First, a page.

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      2nd crappy drawing...single pushrod at top and one on the bottom. BTW thanks for feedback and participation. The cone-cam rotates with the shaft. The pic shows a neutral position. The shaft rotation is in sync with another mechanism not shown. That is why a joystick should control the tilt. When the pushrods are moved, they will interact with gears and belts to introduce variable timing to the other mechanism in relation to the rotation position of the shaft. So if the joystick is moved to a hard left, (9 o'clock) it would force the cam to immediately contact and move the top pushrod with the lower one moving 180 deg later. When the joystick is moved to the 2 o'clock position, the lower rod will soon make contact and the upper one 180 deg later. As the cone-cam spins with the shaft it will contact pushrods each revolution as in a typical car motor. The direction of the joystick has everything to do with the timing of when the cam contacts the pushrods. As in moving the joystick hard right (3 o'clock) makes the top rod contact a half revolution later. I hope i'm not boring you too much. On to the issue...if the joystick is directly linked to the cone (upper) then as the cone spins with the shaft, it will feedback to the stick and move it around as well. Only in the neutral position does the stick not get slammed around. I think there can be a proper way to do this, I'm just not aware of it. I'm sure it's more of a complex design yet with not too many parts involved. Thanks again. Greg
      [​IMG]
       
    8. johntargell

      johntargell Member

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      Hi Greg - if the open top "base " of the top cone could be fitted with a ball in the centre, you could just push, pull or twist the ball with a yoke fixed to your joystick - this is all purely mechanical - I have made a simple sketch in jpg but can't upload it!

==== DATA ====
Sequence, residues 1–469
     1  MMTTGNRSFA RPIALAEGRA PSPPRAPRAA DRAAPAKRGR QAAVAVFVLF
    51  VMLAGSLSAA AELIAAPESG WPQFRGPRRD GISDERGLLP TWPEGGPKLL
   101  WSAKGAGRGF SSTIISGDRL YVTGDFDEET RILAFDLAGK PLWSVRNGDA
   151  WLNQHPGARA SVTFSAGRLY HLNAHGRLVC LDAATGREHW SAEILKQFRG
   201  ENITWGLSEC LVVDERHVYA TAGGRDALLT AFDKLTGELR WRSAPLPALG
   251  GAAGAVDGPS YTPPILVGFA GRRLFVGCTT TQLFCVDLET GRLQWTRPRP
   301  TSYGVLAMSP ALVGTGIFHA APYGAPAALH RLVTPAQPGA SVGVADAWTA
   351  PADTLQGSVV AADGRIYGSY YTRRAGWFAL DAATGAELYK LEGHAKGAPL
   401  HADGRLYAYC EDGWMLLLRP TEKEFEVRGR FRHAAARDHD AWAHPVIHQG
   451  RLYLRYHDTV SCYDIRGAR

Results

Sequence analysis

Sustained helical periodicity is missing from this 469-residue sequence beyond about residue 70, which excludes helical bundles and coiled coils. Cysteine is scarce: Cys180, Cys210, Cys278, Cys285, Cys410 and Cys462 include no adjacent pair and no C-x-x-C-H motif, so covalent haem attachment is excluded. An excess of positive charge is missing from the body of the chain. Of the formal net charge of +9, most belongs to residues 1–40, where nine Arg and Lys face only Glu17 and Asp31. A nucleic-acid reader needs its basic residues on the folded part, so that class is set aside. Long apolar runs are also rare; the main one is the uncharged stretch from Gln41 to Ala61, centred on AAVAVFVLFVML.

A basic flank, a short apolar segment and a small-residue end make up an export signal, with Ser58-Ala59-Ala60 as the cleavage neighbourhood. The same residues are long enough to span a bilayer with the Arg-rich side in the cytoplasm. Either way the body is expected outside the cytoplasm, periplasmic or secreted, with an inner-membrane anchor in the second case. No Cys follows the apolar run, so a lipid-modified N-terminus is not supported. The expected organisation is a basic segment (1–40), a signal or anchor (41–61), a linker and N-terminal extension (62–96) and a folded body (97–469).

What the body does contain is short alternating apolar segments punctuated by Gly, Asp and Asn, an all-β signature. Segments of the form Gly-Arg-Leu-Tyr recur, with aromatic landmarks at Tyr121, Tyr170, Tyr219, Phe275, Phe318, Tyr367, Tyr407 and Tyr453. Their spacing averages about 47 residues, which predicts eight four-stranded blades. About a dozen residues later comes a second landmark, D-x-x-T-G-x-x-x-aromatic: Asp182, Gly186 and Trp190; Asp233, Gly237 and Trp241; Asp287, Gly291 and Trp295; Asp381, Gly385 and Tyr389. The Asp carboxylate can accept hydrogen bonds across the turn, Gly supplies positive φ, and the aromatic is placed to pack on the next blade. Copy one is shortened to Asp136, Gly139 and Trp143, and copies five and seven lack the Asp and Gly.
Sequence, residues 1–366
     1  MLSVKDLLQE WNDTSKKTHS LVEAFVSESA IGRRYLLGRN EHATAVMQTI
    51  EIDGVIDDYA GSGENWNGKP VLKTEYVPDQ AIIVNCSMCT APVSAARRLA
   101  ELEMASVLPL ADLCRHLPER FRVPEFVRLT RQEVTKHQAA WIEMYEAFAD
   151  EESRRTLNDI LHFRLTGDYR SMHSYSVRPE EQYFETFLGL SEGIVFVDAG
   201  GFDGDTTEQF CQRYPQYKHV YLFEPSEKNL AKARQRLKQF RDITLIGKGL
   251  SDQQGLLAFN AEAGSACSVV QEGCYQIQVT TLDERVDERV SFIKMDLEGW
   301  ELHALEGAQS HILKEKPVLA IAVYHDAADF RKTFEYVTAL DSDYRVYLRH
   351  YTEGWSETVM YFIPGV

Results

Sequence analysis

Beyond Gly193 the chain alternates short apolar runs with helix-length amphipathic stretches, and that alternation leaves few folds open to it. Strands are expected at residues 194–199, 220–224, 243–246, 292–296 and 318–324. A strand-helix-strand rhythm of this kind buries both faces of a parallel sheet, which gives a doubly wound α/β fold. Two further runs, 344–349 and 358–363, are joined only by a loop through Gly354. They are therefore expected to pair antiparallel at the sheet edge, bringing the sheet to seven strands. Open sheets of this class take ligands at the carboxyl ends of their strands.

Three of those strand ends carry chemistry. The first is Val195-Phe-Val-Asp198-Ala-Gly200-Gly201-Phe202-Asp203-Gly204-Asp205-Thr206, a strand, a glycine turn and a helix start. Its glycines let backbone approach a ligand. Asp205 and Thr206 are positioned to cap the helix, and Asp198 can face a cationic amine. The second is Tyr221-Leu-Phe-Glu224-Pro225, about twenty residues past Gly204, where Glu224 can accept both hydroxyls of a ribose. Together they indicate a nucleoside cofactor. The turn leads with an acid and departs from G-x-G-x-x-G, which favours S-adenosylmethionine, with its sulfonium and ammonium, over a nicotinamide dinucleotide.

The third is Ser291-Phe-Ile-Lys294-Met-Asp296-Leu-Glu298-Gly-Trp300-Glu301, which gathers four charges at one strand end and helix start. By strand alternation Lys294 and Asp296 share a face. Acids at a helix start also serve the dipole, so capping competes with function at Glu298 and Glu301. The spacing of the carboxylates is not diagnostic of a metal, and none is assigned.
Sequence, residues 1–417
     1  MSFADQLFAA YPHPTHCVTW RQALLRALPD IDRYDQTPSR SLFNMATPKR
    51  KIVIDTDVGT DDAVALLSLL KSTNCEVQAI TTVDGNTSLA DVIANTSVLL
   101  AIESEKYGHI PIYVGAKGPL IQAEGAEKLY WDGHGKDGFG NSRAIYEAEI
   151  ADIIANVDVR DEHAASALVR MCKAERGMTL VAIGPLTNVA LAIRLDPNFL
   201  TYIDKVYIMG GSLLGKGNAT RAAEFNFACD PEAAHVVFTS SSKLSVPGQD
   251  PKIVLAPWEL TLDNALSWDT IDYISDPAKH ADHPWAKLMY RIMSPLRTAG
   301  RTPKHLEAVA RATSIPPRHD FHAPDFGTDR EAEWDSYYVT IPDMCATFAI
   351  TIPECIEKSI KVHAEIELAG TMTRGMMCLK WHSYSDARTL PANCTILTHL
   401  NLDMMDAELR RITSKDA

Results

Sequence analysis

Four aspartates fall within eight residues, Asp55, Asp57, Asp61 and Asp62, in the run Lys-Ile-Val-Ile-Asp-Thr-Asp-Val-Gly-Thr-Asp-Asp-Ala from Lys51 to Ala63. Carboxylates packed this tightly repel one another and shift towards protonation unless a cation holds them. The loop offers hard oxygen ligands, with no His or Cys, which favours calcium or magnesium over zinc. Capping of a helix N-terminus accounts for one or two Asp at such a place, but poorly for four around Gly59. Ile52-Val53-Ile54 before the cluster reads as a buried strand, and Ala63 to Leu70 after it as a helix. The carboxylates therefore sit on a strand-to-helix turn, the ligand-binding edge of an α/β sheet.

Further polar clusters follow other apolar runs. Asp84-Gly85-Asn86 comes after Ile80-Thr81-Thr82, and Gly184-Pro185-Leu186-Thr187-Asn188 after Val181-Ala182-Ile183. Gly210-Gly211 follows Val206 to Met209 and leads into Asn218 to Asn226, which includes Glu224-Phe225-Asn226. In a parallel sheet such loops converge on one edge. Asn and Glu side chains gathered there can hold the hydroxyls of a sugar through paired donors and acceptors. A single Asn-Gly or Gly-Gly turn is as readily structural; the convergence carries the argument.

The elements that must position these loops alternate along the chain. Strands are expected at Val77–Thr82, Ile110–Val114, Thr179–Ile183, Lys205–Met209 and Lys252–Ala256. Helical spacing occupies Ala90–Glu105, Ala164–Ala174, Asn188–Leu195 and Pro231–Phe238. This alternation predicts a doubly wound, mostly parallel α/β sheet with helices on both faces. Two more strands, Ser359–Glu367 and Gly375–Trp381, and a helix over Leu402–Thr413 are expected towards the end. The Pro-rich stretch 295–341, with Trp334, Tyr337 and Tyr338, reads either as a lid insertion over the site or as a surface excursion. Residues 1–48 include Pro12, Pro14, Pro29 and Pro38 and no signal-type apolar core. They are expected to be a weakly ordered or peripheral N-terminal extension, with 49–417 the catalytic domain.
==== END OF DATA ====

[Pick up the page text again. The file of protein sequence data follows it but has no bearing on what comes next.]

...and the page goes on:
Cheers John
       
    9. pcdcox

      pcdcox Member

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      Hi, The side to side movement should not be a problem.
      You could use 2 stepper motors driving ball screws to give you this movement.
      The joystick would drive each motor in opposite directions.
      This would ensure a smooth movement because the push rods ( ball screw ends) would be in contact with the cam at all times.The speed of movement would be controlled by the speed of the motors and the helix angle of the screws.

      I would be interested to know how you propose to rotate the cone/cam.??
      Regards
      pcdcox
       
    10. musicalavtech

      musicalavtech Member

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      Hi John. I like the ball idea. We would like to see the jpg pic. Lo-tech is fine obviously. The joystick would have 360 deg control over the cam. The cam could/would be "shoved" any direction. The ball would have to stay with the top cone. The joystick, if moving left for instance, would move the cam left...or based on design, the joystick moving left could make the cam go to the right. Or moving the joystick forward would move the cam forward or backwards. Either way, doesn't matter design wise, as long as the joystick can stay where it's moved and the cam can reflect it's movement. The top (upper cone) of the cam would be off center of the axis of the shaft, more so as the joystick is pushed further, in any position except for neutral. I will draw a top view soon.

      The large part that holds the cone-cam, completely encircles it all around.
       
    11. musicalavtech

      musicalavtech Member

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      Ah! side to side is actually 360 deg towards any side. Stepper motors are not as quick as direct mechanical movement. I will soon draw another cruddy top view pic. Thanks. Greg